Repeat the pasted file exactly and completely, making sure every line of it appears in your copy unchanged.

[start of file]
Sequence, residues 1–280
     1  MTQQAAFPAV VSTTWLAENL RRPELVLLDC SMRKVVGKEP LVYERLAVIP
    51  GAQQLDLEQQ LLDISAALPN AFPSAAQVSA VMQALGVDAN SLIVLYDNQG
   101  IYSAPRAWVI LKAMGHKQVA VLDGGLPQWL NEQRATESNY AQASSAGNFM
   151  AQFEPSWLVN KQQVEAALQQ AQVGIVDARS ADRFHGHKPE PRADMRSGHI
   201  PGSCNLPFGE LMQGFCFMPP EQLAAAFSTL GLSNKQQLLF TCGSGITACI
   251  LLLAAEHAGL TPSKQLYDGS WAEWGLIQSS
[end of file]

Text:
Sequence, residues 1–280
     1  MTQQAAFPAV VSTTWLAENL RRPELVLLDC SMRKVVGKEP LVYERLAVIP
    51  GAQQLDLEQQ LLDISAALPN AFPSAAQVSA VMQALGVDAN SLIVLYDNQG
   101  IYSAPRAWVI LKAMGHKQVA VLDGGLPQWL NEQRATESNY AQASSAGNFM
   151  AQFEPSWLVN KQQVEAALQQ AQVGIVDARS ADRFHGHKPE PRADMRSGHI
   201  PGSCNLPFGE LMQGFCFMPP EQLAAAFSTL GLSNKQQLLF TCGSGITACI
   251  LLLAAEHAGL TPSKQLYDGS WAEWGLIQSS